This is a paragraph.  <path>/etc/passwd</path> is a file.
<uri></uri> is my favorite website.
Type <c>ls</c> if you feel like it.  I <e>really</e> want to go to sleep now.

<pre caption="Code Sample">
This is text output or code.
# <i>this is user input</i>

Make HTML/XML easier to read by using selective emphasis:

This is a note.

This is a warning.

This is important.

Now, here's how the <body> element above is rendered:

This is a paragraph. /etc/passwd is a file. is my favorite web site. Type ls if you feel like it. I really want to go to sleep now.

This is text output or code.
# this is user input

Make HTML/XML easier to read by using selective emphasis:
This is a warning. This is important.

The <body> tags

We introduced a lot of new tags in the previous section -- here's what you need to know. The <p> (paragraph), <pre> (code block), <note>, <warn> (warning) and <impo> (important) tags all can contain one or more lines of text. Besides the <table>, <ul>, <ol> and <dl> elements (which we'll cover in just a bit), these are the only tags that should appear immediately inside a <body> element. Another thing -- these tags should not be stacked -- in other words, don't put a <note> element inside a <p> element. As you might guess, the <pre> element preserves its whitespace exactly, making it well-suited for code excerpts. You must name the <pre> tag with a caption attribute:

<pre caption="Output of uptime">
# <i>uptime</i>
16:50:47 up 164 days,  2:06,  5 users,  load average: 0.23, 0.20, 0.25

<c>, <b>, and <e>

The <c> element is used to mark up a command or user input. Think of <c> as a way to alert the reader to something that they can type in that will perform some kind of action. For example, all the XML tags displayed in this document are enclosed in a <c> element because they represent something that the user could type in that is not a path. By using <c> elements, you'll help your readers quickly identify commands that they need to type in. Also, because <c> elements are already offset from regular text, it is rarely necessary to surround user input with double-quotes. For example, don't refer to a "<c>" element like I did in this sentence. Avoiding the use of unnecessary double-quotes makes a document more readable -- and adorable!

As you might have guessed, <b> is used to boldface some text.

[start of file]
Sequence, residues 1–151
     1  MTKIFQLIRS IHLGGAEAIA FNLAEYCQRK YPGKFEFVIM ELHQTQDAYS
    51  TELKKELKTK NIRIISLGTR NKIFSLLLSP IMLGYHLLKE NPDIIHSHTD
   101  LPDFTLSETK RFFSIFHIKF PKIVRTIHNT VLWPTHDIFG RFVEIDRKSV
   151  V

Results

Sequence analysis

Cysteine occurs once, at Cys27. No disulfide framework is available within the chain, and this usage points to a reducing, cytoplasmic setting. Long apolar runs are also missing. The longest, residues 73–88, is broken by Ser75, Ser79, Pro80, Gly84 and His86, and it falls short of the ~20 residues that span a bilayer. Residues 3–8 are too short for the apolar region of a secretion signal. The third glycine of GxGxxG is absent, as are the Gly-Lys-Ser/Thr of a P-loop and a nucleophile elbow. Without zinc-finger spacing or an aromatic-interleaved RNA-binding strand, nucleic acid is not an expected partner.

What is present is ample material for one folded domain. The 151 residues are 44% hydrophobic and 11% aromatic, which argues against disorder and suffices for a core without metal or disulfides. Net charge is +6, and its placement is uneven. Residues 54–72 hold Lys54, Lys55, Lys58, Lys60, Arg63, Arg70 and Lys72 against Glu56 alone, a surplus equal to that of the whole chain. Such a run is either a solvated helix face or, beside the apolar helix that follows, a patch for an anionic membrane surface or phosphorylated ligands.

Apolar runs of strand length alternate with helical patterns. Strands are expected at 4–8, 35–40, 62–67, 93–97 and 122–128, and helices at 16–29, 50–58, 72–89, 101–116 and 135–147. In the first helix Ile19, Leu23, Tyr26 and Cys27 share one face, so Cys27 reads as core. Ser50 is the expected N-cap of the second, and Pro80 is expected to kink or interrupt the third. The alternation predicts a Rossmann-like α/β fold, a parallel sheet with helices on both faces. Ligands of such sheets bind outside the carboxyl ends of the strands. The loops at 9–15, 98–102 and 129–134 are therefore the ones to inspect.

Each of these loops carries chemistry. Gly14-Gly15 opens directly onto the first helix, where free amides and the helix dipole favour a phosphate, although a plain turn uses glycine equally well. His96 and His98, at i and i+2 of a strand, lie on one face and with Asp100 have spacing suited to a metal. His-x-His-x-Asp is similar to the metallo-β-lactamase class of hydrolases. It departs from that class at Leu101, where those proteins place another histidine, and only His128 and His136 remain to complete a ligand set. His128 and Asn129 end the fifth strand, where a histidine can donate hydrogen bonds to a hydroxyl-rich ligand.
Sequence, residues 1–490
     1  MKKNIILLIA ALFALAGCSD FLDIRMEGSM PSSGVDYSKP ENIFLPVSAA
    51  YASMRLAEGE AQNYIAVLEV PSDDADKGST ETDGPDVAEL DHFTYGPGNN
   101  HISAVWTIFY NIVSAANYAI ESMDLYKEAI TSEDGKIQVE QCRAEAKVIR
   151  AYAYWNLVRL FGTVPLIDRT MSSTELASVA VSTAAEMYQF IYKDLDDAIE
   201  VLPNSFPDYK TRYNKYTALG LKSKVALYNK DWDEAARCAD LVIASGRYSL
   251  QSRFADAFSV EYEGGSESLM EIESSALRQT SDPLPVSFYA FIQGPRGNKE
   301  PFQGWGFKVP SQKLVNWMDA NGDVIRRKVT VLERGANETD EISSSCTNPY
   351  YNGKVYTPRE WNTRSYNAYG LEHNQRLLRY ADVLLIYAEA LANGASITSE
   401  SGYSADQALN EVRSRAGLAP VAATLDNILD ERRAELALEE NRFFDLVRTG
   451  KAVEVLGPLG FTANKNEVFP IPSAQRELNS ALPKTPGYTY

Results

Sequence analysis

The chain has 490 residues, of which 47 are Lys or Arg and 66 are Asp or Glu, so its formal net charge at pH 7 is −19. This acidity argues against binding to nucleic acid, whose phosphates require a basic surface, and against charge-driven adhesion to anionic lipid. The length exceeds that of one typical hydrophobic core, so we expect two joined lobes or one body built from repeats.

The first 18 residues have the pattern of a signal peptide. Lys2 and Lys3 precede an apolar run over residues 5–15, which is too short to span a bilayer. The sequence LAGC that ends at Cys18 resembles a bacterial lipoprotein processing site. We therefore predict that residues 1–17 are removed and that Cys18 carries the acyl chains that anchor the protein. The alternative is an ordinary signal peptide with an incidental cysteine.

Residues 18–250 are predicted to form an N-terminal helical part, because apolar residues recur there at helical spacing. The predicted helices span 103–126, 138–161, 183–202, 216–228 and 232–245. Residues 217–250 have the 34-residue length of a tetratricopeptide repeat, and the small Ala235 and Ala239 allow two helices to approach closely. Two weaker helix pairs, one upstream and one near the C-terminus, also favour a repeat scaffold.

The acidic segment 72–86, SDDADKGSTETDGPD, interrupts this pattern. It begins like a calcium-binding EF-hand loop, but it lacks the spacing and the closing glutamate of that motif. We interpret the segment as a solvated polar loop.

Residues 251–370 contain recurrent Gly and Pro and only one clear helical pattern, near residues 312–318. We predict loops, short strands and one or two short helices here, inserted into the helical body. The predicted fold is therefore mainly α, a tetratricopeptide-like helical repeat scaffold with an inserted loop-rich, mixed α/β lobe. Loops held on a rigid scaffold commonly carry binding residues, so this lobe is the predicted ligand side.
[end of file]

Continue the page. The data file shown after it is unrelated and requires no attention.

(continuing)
<e> is used to apply emphasis to a word or phrase; for example: I really should use semicolons more often. As you can see, this text is offset from the regular paragraph type for emphasis. This helps to give your prose more punch!

Code samples and colour-coding


The <uri> tag is used to point to files/locations on the Internet. It has two forms -- the first can be used when you want to have the actual URI displayed in the body text, such as this link to To create this link, I typed <uri></uri>. The alternate form is when you want to associate a URI with some other text -- for example, the Gentoo Forums. To create this link, I typed <uri link="">the Gentoo Forums</uri>. You don't need to write to link to other parts of the Gentoo web site. For instance, a link to the documentation main index should be simply <uri link="/doc/en/index.xml">documentation main index</uri>. You can even omit index.xml when you link to a directory index, e.g. <uri link="/doc/en/">documentation main index</uri>. Leaving the trailing slash saves an extra HTTP request.

Please avoid the click here syndrome as recommended by the W3C.


Here's how to insert a figure into a document -- <figure link="mygfx.png" short="my picture" caption="my favorite picture of all time"/>. The link attribute points to the actual graphic image, the short attribute specifies a short description (currently used for the image's HTML alt attribute), and a caption. Not too difficult :) We also support the standard HTML-style <img src="foo.gif"/> tag for adding images without captions, borders, etc.


GuideXML supports a simplified table syntax similar to that of HTML. To start a table, use a <table> tag. Start a row with a <tr> tag. However, for inserting actual table data, we don't support the HTML <td> tag; instead, use the <th> if you are inserting a header, and <ti> if you are inserting a normal informational block. You can use a <th> anywhere you can use a <ti> -- there's no requirement that <th> elements appear only in the first row.